At The Loft, founder David Mancuso threatened to withdraw patrons’ membership if they did not attend his private disco parties on a weekly basis. To Mancuso, the presence and feedback of the audience was just as important as the disc jockey’s musical compositions in the booth. To Mancuso, those savoring the musical, sensual, and transcendent fruits of disco clubs should, in turn, offer their thanks and appreciation by becoming paying members.

To Carol Cooper, “building that sense of interdependence between a deejay and his or her public was the key to the growth of black radio in this country, and subsequently the key to the growth of a dance music community out of the disco underground” (165). Thus Meryl Meisler’s club-hopping might have been frowned upon by some disco owners, who felt that the crafts hosted within their clubs deserved commitment.

a discussion of meisler’s narrative

Meisler’s narration of her experiences during the 1970s provide a personal, subjective insight into the goings on of popular disco clubs. Her narrative serves as a specific historical account of the disco era, which narrows one’s perceptions of the era to precise moments in time and intimately connects an observer to an otherwise foreign epoch.

The photographs included in this article are expressive and impactful; they serve as communicative devices beyond the somewhat flat affect of written accounts. Photographs from inside of the disco clubs one reads about do well to express the physicality and attitude of the club as well as its attendees.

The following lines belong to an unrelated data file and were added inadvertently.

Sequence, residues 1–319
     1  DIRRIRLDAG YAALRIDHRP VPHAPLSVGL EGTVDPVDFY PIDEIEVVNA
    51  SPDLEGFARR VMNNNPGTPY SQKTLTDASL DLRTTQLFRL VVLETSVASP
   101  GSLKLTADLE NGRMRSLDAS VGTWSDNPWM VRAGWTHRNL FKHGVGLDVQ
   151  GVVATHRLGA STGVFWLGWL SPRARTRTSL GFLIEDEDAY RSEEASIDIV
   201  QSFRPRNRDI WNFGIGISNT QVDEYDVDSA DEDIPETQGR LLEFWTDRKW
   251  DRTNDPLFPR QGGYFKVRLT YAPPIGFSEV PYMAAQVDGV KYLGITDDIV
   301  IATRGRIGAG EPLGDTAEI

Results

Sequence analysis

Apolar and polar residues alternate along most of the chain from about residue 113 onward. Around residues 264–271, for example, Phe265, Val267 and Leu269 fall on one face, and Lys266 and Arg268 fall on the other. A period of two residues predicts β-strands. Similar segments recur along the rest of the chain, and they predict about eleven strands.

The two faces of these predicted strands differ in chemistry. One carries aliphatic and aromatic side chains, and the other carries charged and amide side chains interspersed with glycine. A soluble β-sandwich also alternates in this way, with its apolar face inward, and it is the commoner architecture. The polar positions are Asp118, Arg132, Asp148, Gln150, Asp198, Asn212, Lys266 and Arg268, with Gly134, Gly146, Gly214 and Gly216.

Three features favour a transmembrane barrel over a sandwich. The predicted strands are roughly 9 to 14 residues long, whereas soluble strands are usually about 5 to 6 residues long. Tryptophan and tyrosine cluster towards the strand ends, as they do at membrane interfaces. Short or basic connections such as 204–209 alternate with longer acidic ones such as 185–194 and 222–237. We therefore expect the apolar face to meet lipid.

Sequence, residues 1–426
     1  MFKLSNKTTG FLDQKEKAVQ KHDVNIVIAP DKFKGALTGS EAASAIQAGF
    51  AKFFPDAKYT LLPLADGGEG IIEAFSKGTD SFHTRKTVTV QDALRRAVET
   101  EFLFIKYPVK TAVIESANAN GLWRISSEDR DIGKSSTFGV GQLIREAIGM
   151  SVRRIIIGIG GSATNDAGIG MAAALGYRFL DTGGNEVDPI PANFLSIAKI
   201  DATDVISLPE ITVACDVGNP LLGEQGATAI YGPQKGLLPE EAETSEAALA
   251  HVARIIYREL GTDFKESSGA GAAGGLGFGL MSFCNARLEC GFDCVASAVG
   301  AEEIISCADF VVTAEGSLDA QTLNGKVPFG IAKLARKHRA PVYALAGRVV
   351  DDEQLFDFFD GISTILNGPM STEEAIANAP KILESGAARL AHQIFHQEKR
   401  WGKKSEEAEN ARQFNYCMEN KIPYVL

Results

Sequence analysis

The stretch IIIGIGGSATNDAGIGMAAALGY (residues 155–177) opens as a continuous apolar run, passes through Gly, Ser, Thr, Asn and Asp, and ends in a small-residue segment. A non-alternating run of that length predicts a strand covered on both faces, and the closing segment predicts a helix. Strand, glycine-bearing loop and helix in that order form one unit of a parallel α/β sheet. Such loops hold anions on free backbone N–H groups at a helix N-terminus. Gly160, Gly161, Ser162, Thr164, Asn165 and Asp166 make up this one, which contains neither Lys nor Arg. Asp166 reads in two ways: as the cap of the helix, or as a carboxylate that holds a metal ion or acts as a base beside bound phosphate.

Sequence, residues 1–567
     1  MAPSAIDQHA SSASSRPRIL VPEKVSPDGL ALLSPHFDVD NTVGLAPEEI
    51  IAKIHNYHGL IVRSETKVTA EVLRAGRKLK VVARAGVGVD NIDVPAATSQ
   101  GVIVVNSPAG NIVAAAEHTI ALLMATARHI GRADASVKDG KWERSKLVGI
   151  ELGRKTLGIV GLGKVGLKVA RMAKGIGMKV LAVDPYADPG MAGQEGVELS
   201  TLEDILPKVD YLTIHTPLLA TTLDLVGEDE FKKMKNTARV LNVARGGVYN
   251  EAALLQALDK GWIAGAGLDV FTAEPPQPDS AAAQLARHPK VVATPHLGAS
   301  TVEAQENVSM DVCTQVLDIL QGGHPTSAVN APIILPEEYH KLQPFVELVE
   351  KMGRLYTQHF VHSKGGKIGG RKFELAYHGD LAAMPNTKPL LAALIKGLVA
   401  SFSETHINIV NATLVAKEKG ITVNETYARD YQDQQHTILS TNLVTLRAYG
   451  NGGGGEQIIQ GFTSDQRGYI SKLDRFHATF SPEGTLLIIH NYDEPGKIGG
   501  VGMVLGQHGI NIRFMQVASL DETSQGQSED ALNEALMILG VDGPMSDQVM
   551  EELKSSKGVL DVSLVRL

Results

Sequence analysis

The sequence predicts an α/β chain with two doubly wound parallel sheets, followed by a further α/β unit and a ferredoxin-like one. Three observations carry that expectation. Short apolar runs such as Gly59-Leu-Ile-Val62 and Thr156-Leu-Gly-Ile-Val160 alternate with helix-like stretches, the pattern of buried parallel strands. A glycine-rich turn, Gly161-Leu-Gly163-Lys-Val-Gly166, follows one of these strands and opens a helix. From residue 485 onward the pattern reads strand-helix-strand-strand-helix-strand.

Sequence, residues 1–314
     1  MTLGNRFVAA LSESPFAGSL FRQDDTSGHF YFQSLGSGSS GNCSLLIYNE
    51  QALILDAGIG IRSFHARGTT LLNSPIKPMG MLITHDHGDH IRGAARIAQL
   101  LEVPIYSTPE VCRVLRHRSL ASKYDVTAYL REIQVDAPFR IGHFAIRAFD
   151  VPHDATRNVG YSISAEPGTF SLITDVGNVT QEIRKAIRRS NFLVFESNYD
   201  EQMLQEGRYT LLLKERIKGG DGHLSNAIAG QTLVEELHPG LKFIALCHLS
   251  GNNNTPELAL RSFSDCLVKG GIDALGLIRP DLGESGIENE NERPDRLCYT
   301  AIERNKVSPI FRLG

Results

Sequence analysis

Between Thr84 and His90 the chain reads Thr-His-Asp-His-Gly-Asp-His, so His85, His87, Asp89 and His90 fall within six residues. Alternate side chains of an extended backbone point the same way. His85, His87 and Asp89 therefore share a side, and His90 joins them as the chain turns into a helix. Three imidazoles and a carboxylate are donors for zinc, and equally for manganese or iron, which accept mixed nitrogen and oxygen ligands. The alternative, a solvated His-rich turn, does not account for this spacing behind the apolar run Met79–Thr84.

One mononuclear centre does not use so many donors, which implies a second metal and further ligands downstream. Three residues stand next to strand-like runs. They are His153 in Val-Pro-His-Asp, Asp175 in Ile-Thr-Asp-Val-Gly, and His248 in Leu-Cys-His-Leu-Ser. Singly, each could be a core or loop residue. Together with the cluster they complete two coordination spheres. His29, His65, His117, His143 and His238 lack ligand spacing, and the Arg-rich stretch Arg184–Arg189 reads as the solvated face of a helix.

In contrast, Meisler’s verbal account of her experience during the 70s leaves the reader grasping for more information, details, and stories. Though somewhat lacking in volume, Meisler’s memories still attempt to satisfy the dilemma introduced in Carol Cooper’s article “Disco Knights: Hidden Heroes of New York Dance Music Underground.”

Currently, the disco era suffers from a lack of firsthand documentation of the disco experience from the people “most qualified” to report on the era (Cooper, 164). In this article, Meryl Meisler’s storytelling attempts to provide such firsthand documentation, even if she lacks the details of the inner workings of disco clubs that owners, DJs, or other staff members would have been able to share. Her account still delves the reader deeper, personally, into an era he or she may be unfamiliar with.

Read more about why the disco era lacks firsthand documentation beneath the MISSING FIRSTHAND DOCUMENTATION header on this annotation, found near the bottom.